Comey certainly knew this, and he also knew that Clinton had done nothing out of the ordinary. However, in an attempt to appease congressional Republicans, who were sure to go ballistic when their hopes of putting Clinton in the dock failed yet again, he held a press conference where he called her actions "extremely careless." Then, three months later, with absolutely no justification, he announced that more emails had been discovered—and he announced it in the most damaging possible way.
This is the meat of the whole affair. The rest is chaff. Did Clinton violate the Federal Records Act by holding her email on a private server? Was she trying to evade FOIA requests? Did she lie about wanting to use one email device? Did she violate agency regulations because she used an outside mail account for all her communications, rather than just part of them, as others have routinely done? Etc. etc. We can argue about this stuff forever and we'll never know the answer. If you hate Clinton, you'll insist that these are major felonies that should have landed her in a Supermax for life. But if you don't hate Clinton in the first place, none of these will strike you as anything more than minor infractions at best and ungrounded speculation at worst. Plus there's this: No one ever came close to investigating any of this, let alone trying to bring charges. Among the folks who know the most about these things, there was never so much as a hint that there was anything illegal among all the sensational accusations.3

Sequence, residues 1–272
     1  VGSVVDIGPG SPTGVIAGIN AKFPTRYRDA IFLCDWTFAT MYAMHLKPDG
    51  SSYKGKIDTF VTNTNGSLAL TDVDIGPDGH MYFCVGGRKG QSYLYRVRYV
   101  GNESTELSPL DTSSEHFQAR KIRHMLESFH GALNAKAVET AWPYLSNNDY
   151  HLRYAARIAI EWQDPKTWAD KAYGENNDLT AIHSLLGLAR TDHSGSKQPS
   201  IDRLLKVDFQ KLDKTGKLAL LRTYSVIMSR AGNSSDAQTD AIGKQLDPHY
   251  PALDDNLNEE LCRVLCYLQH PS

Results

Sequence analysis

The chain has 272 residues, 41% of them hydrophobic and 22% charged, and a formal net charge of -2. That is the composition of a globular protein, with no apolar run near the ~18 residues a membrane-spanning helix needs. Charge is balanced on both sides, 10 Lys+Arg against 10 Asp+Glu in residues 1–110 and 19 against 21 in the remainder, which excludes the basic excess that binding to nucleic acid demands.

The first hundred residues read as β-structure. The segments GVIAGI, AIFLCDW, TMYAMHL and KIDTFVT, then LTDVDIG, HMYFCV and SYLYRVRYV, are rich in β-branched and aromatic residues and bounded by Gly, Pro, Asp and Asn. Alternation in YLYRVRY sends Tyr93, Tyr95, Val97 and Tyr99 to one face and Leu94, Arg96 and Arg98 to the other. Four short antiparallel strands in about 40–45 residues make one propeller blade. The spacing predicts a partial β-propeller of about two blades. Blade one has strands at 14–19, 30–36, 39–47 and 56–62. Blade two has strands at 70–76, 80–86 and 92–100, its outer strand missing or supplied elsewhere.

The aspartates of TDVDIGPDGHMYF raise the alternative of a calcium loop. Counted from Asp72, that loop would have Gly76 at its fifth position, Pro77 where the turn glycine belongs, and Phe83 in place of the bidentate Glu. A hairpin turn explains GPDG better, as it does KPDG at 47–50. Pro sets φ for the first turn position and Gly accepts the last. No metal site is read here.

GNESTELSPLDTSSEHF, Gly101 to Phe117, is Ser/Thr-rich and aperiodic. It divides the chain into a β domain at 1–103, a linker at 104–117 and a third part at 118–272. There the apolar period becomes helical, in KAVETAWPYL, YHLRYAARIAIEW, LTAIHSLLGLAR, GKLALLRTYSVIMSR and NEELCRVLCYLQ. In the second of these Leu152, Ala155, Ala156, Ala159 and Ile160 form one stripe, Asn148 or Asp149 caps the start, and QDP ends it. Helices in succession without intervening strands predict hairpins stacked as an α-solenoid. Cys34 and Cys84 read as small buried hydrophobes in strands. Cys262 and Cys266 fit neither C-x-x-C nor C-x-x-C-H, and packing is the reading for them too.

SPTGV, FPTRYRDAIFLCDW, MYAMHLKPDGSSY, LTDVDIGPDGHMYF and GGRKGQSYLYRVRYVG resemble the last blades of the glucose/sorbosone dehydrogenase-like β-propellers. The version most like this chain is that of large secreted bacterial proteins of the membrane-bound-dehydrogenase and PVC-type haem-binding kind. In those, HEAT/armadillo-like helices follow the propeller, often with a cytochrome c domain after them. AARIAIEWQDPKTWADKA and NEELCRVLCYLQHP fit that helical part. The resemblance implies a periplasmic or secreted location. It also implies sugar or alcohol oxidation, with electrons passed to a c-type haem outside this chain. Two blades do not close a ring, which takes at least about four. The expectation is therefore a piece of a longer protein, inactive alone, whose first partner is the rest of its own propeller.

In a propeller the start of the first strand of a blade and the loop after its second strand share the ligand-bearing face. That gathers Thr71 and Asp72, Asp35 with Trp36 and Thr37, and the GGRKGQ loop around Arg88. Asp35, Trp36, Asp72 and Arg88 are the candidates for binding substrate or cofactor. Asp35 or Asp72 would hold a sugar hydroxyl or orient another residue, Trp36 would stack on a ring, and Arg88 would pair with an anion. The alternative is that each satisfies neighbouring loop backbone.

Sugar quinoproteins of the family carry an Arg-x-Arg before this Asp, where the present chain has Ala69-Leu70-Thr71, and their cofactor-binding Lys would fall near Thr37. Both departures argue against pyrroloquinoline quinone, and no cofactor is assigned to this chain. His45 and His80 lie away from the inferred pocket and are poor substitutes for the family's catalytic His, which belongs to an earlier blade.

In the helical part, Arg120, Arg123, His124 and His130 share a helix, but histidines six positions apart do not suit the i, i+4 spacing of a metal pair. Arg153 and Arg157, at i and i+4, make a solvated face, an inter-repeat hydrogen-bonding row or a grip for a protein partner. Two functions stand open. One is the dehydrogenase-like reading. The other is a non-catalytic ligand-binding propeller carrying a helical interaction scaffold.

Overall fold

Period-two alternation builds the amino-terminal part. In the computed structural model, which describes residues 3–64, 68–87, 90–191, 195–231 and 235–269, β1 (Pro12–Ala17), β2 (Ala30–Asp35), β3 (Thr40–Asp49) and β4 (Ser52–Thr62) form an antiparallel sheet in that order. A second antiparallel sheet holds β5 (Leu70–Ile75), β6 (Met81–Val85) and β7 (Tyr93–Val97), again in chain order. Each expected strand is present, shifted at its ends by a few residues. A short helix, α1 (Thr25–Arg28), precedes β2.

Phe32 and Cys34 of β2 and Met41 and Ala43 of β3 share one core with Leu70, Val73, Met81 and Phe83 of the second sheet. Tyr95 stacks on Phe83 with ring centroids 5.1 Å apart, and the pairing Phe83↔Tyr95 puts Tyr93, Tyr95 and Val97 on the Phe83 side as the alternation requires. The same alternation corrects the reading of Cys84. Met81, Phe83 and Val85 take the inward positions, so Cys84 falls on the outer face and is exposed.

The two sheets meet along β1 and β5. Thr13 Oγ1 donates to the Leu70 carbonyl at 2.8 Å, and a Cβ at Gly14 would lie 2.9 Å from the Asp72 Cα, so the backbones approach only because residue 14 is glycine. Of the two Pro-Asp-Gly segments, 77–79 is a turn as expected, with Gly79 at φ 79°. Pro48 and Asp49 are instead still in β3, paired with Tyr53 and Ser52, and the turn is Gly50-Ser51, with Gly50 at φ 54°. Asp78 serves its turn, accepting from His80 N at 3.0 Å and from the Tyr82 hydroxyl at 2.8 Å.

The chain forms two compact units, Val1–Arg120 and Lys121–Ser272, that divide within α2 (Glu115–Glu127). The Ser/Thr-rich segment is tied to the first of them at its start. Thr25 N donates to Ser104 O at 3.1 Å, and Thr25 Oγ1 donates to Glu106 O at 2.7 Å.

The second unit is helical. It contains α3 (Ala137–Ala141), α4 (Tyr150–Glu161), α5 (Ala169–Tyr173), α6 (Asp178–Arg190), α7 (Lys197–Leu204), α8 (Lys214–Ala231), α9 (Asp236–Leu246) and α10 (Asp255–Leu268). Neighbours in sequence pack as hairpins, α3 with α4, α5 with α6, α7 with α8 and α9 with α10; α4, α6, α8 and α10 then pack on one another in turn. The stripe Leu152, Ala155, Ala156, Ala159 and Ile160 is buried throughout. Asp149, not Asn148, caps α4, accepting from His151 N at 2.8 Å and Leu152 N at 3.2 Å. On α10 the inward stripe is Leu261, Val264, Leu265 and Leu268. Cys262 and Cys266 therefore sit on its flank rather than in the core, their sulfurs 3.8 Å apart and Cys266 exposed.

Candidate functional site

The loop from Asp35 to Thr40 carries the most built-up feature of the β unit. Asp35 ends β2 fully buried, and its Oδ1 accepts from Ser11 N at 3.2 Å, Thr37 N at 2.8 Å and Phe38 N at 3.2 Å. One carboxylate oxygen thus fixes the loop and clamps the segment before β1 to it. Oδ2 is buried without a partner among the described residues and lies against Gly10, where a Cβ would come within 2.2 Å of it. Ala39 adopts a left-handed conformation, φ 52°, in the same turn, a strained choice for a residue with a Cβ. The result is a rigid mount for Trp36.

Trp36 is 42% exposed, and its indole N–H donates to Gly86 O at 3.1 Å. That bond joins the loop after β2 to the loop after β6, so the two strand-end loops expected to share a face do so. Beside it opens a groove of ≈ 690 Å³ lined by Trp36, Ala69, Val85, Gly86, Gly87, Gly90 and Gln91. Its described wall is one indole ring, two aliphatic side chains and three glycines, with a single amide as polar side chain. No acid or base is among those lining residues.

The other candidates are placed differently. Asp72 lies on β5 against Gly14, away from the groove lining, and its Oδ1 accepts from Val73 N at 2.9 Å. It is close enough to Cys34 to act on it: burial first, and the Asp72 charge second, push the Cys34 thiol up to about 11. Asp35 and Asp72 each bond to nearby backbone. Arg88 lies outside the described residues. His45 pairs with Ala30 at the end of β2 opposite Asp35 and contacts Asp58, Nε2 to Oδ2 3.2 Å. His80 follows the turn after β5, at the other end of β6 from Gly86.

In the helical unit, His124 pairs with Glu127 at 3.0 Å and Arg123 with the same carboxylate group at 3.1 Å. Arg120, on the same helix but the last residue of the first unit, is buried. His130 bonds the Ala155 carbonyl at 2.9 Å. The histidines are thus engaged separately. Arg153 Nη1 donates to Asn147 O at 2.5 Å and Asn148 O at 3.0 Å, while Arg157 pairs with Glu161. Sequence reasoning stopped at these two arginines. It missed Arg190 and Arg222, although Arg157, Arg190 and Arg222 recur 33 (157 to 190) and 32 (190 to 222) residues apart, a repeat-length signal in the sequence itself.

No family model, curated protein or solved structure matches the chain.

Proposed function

The bottom line is simple: There was never any real reason for either the IG investigations or the FBI investigation. And in the end, the FBI found nothing out of the ordinary—just the usual State-CIA squabbling. Nevertheless, under pressure from Republicans, Comey spent a full year on the investigation; reported its conclusions in the most damaging possible way; and then did it again two weeks before the election. Because of this, Clinton lost about 2 percent of the vote, and the presidency.
Liberals should have defended her with gusto from the start. There was never anything here and no evidence that Clinton did anything seriously wrong. And yet we didn't. Many liberals just steered clear of the whole thing. Others—including me sometimes—felt like every defense had to contain a series of caveats acknowledging that, yes, the private server was a bad idea, harumph harumph. And some others didn't even go that far. The result was that in the public eye, both liberals and conservatives were more or less agreeing that there was a lot of smoke here. So smoke there was. And now Donald Trump is a month away from being president.
1I mean literally. She was not responsible for the fact that the Benghazi consulate had too few guards. She was not responsible for Chris Stevens taking a big risk that he was well aware of. She was not responsible for the nearby CIA compound. She did not lie about the attacks afterward. Susan Rice did not lie about them afterward. There was no "stand-down" order. Etc. There were lessons to be learned from the attack, but nothing that points to negligence on Clinton's part.
2As long as we're on the subject, I've long had another beef with Comey's presentation. He said it was "possible that hostile actors gained access to Secretary Clinton’s personal e-mail account," but he based that on literally nothing. There was no evidence of any successful hack. None. There was no more possibility of Clinton being hacked than anyone else who did the kinds of things she did.
3The only thing the FBI investigated was whether national security had been compromised. Neither the FBI nor anyone else ever investigated anything else.